For the first time in a long time, it didn't snow in Park City, Utah, during the Sundance Film Festival, not even a flurry. The barren hills surrounding the town provided a physical echo of a festival that was not overflowing with greatness either. But, paradoxically, experiencing Sundance in an off year highlighted some of the things that make the festival so valuable.
If you just looked at the awards list, it might seem that 2014 was very good indeed. Damien Chazelle's "Whiplash" won both the Grand Jury Prize and the audience award for U.S. drama, and the festival's various entities liked the films on offer so much that a full 25 features went home with awards.
And, yes, it was satisfying to see prizes given to strong films like Zeresenay Berhane Mehari's Ethiopian drama "Difret" (world cinema audience award), Jeff Preiss' "Low Down" (U.S. drama cinematography to Christopher Blauvelt) and the heartening music- vanquishes-dementia doc "Alive Inside" (U.S. documentary audience award).
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But, due perhaps to the oddities of Sundance scheduling, which saw more and more films shipped off more often to Salt Lake City, Provo and other distant spots, no picture, not even "Whiplash's" tale of a martinet of a music instructor clashing with a marshmallow of a drum prodigy, captured the festival body and soul the way "Beasts of the Southern Wild" and "Fruitvale Station" did in years past.
And the festival juries so outdid themselves in coming up with special awards — the doc "The Overnighters" got perhaps the most puzzling, a U.S. documentary special jury award for intuitive filmmaking — it made Sundance seem like one of those progressive schools that mandate prizes all around to bolster student self-esteem.
But, if anything, this lack of films that blew everyone away highlighted both the festival's resilience and its impressive cruising speed, pointing out how much there was worth seeing in what was by the luck of the draw an average year.
As if to emphasize that point, two of the most memorable 2014 films went home with a couple of those curious special jury awards.
Deservedly taking the world cinema documentary special jury prize for cinematic bravery was French director Hubert Sauper's "We Come as Friends."
Sauper, Oscar-nominated for his superb "Darwin's Nightmare," returned to Africa for this thoughtful and provocative examination of globalization and imperialism, taking us inside such singular situations as a massive Chinese oil drilling operation and an American missionary outpost that distributes solar-powered talking Bibles. Really.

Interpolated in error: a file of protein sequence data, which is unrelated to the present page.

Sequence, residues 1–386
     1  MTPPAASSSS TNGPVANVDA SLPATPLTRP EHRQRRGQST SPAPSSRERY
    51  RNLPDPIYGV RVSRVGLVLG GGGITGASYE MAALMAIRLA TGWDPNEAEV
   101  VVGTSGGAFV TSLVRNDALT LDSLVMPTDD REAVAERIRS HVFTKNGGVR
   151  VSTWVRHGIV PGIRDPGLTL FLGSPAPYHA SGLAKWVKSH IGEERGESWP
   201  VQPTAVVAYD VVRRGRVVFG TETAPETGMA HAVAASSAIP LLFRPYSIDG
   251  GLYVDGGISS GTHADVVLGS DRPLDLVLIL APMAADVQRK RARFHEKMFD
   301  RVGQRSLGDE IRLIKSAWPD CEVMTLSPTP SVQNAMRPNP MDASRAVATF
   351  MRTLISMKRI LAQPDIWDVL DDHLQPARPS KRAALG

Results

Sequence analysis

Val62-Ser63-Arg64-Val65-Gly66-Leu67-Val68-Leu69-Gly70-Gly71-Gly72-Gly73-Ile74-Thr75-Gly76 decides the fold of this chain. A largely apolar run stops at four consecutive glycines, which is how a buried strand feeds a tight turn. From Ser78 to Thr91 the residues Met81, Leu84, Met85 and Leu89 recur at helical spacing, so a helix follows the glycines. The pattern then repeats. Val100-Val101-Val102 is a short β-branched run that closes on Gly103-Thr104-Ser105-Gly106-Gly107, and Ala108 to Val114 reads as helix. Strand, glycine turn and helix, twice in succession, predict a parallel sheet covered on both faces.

Considerably more fun, in fact possibly the most fun of the entire festival, was "God Help the Girl," winner of the world cinema dramatic special jury award for ensemble performance.
Written and directed by Stuart Murdoch, lead singer and principal songwriter of the Scottish band Belle & Sebastian, "God Help the Girl" is a classic movie musical where people burst into songs of crystal purity whenever something is on their minds.
Starring Emily Browning, Olly Alexander and Hannah Murray in the story of three young people who come together to make music during a magical Glasgow summer, this lively, playful, completely charming film has such a will-o'-the-wisp quality that you fear it will disappear if you attempt to fence it in. Murdoch called it "our little hymn to the possibility of healing in music," and that gets it exactly right.
Also worth noting are two films that emphasize what a wide net Sundance casts, how many different kinds of films it manages to include as it's grown from an independent showcase to a major festival by any standard.
"Mr leos caraX" is Tessa Louise-Salomé's" well-made and suitably enigmatic documentary about the gifted French director Leos Carax, who likes to push his cast and crew as well as his audiences to their limits and beyond.
"A Most Wanted Man," tautly directed by Anton Corbijn, is a claustrophobic thriller adapted from the John le Carré novel and featuring a brilliant Philip Seymour Hoffman as a German spymaster trying to operate in a world where you can't even think of trusting anyone. A brooding, atmospheric thriller, it's the kind of film that could have premiered anywhere but chose to make its debut in Park City.
This year's Sundance also offered opportunities to get reacquainted with one of the festival's best aspects, albeit one that tends to get lost in the rush to see the putative hot films, and that would be New Frontier.
Newly relocated just off Park City's Main Street, where, as curator Shari Frilot happily notes, "people can stumble onto it," New Frontier concerns itself with the intersection of film, art and technological innovation. This may sound rather diffuse, but the exhibitions presented often grab you like nothing else does.
That was certainly the case this year with Oculus Rift, a combination of earphones and a virtual reality headset that offers a fully immersive experience so intense that you feel like you're walking in a dream. Director Chris Milk, whose "Sound and Vision" Oculus Rift collaboration with Beck was a knockout, says this "has the potential to be the next great medium for storytelling," and it's hard to argue the point.
This year's Sundance was also a chance to appreciate what is in effect, to borrow the football metaphor, the festival's 12th man, the hugely appreciative audiences that show up at all hours and all locations because they simply hunger for the kinds of films the festival offers.
When director Murdoch faced a full theater at 8:30 on a Sunday morning to introduce his "God Help the Girl," he looked around and said, "You should be in church." From two or three places in the auditorium, individuals spontaneously shouted back, "We are." And they meant it.